“Yes! I heard everything you said!”
Nope, you didn’t. Hearing is done with the ears, but listening is done with so much more.
As a simple example, listening allows us to understand sarcasm. The phrase – “how wonderful” – can be interpreted very differently because of the tone of voice and the smirk that may accompany the phrase. Because sarcasm is usually harmless and forms a common part of our day, many of us are well tuned to it, so missing the facial expression (if our back is turned) doesn’t mean we miss the sarcastic comment as we recognise the tone of voice.
Unfortunately, when it comes to more serious matters – which are tackled less frequently – we are not as in-tune and miss much of what is being shared. These serious matters tend to make most people uncomfortable so we tackle the issue while doing other things, cooking for example. Even if we are brave enough to request a talk without distraction, the paintings on the wall or the coffee cup in-hand, suddenly become a far easier focus. Averting our eyes results in poorer listening as those subtle facial expressions are vital because they are less easy to control than the tone of voice.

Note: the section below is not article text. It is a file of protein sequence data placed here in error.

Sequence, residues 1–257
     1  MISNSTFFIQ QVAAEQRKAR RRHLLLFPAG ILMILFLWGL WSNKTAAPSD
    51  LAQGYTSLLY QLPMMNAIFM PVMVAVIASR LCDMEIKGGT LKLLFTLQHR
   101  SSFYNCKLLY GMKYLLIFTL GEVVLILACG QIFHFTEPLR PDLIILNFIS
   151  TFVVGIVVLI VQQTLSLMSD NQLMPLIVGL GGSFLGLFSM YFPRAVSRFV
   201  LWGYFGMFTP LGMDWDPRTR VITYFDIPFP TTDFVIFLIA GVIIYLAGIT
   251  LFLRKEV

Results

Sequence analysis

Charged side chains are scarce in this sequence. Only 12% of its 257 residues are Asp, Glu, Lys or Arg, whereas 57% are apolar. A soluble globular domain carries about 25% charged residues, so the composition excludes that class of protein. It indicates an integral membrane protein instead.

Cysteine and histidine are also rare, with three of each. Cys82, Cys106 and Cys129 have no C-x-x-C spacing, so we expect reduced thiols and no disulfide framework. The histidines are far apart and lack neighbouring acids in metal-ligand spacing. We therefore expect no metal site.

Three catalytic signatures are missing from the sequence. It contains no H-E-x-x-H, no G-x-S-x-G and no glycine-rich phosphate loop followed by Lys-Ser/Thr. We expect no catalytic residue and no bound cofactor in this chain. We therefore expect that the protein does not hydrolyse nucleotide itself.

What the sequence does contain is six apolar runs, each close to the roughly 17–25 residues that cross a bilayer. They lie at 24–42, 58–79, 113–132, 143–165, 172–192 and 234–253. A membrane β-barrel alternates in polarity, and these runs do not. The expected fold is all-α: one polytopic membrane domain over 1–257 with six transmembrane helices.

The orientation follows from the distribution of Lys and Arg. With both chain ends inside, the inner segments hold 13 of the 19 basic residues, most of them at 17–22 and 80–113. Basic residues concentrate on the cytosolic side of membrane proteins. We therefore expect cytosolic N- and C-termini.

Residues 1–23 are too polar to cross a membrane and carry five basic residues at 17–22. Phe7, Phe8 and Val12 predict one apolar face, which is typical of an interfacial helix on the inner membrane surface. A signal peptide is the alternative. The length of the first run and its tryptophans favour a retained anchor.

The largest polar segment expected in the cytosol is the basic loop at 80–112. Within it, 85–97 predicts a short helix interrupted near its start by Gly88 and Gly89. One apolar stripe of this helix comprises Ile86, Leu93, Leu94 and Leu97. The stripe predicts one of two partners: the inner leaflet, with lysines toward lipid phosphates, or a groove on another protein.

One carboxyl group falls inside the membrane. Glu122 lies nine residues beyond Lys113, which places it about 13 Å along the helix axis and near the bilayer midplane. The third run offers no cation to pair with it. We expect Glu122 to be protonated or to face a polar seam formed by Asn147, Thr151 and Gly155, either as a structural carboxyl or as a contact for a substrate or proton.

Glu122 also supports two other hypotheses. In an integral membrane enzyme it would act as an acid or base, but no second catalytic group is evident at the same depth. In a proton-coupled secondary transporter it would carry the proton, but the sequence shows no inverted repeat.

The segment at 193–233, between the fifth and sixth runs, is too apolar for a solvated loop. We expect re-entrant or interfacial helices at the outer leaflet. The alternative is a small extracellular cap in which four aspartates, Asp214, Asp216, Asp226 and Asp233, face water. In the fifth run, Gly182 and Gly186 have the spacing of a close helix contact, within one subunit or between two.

Communication between people is very complex. However, practising listening by looking at the person who is speaking and acknowledging their tone of voice, facial expressions and body language may result in greater understanding of the emotion and intention behind what is being said. With greater understanding comes an ease to how to respond – make a joke, say how sad that sounds, or simply nod your head. Apart from making us a better listener in those difficult-to-have important discussions, actively listening can make even light chit-chat flow with greater ease.